Acts 4.1-6

For those of us who have grown up in or live in the West, persecution for being a Christian isn’t really a thing. There might be the odd joke (The ‘Bible basher’ kind) but serious and systematic persecution isn’t really on our radar. We have the freedom to gather for worship, we can openly and legally engage in conversations with others about what we believe, and we carry no daily fear of being arrested for simply declaring faith in a risen Jesus. 

In Acts 4.1-6 we see eleven individuals or people who come together against Peter and John. What began back in 3.1 has ended here in arrest. We read of the priests, the captain of the temple (a temple police force), the Sadduceestheir rulerseldersscribes, Annas the high priestCaiaphasJohnAlexander, and the family of the high priest. Eleven groups of individuals who had come together to put a stop to what Peter and John were saying:

“…they were teaching the people and announcing in Jesus the resurrection of the dead”.

(Acts 4.2b, NET)

Teaching that Jesus died and rose was (and is to some) such a shocking idea that Peter and John found themselves in custody until the next day. The truth that Jesus died and rose and offers this to those who believe and follow Him is so infuriating and inflammatory to some because it renders all of our man-made structures, policies, procedures, and plans as pointless. Those who find their identity in work, deeds, religion, status, or wealth (as many of that list above did) are confronted with the truth that it is, at best, all nothing.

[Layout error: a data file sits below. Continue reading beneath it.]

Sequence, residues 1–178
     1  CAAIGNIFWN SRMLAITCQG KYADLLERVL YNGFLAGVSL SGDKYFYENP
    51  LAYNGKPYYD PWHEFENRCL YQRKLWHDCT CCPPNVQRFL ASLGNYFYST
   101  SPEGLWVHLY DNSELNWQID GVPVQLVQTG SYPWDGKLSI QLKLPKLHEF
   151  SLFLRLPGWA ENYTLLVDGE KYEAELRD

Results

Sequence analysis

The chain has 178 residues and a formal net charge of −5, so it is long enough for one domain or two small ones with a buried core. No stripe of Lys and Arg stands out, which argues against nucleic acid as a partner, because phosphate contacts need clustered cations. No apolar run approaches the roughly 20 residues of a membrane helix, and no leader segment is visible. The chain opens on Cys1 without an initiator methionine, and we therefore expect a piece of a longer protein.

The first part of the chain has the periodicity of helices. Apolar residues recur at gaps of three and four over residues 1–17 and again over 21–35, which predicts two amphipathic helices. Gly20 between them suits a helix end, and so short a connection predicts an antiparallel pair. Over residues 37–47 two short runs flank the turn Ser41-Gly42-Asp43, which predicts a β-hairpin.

Peter and John were persecuted for sharing a truth that changed the world and stands ready to change individual lives if they accept it. Those persecuting are, usually, those who would lose out the most from accepting the truth of Jesus. Those with power, wealth, status, or those with a contrasting and conflicting worldview ready to be proven wrong are usually the most vociferous opponents to our faith and, therefore, the primary proponents of persecution.

Peter and John were confronted with actual, real persecution. They weren’t made fun of, excluded from the cool table at lunch, or not invited to the latest office party. They were arrested and detained for teaching in Jesus the resurrection of the dead. When we feel like our lives are hindered in some minor way because we are believers, we would do well to remember those around the world who are facing what Peter and John experienced here. We would do well to pause and to pray for them, and we would do well to view our own experiences with some right and proper perspective.

Published by James Travis

Pastor of Saar Fellowship in the Kingdom of Bahrain. Married to Robyn and Dad to our two boys.

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